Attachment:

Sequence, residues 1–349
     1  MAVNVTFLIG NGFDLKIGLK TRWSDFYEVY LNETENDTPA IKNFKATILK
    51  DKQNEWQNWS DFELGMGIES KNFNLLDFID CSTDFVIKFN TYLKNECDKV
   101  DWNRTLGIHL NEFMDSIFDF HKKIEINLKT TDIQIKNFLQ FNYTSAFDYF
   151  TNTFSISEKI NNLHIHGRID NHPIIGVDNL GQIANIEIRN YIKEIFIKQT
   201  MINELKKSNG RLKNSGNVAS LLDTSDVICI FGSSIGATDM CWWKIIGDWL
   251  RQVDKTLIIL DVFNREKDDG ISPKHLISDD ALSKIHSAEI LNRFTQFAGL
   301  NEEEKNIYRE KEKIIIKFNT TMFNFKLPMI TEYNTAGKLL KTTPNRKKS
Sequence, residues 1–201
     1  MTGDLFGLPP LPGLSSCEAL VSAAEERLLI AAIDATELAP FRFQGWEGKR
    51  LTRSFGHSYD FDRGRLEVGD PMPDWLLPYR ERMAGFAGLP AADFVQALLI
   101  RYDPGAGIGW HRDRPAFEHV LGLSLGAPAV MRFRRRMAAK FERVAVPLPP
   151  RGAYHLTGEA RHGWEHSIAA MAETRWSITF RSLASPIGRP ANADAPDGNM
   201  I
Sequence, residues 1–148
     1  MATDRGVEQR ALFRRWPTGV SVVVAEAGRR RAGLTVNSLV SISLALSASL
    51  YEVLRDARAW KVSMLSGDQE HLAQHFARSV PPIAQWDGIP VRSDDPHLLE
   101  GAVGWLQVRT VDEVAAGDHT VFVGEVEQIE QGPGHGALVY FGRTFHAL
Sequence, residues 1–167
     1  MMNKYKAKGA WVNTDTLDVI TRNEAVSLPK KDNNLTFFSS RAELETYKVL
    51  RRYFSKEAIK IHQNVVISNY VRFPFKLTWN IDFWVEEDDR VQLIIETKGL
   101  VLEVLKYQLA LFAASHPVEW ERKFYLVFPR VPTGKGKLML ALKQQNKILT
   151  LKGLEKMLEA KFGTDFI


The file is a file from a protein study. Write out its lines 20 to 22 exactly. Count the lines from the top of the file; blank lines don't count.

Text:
     1  MMNKYKAKGA WVNTDTLDVI TRNEAVSLPK KDNNLTFFSS RAELETYKVL
    51  RRYFSKEAIK IHQNVVISNY VRFPFKLTWN IDFWVEEDDR VQLIIETKGL
   101  VLEVLKYQLA LFAASHPVEW ERKFYLVFPR VPTGKGKLML ALKQQNKILT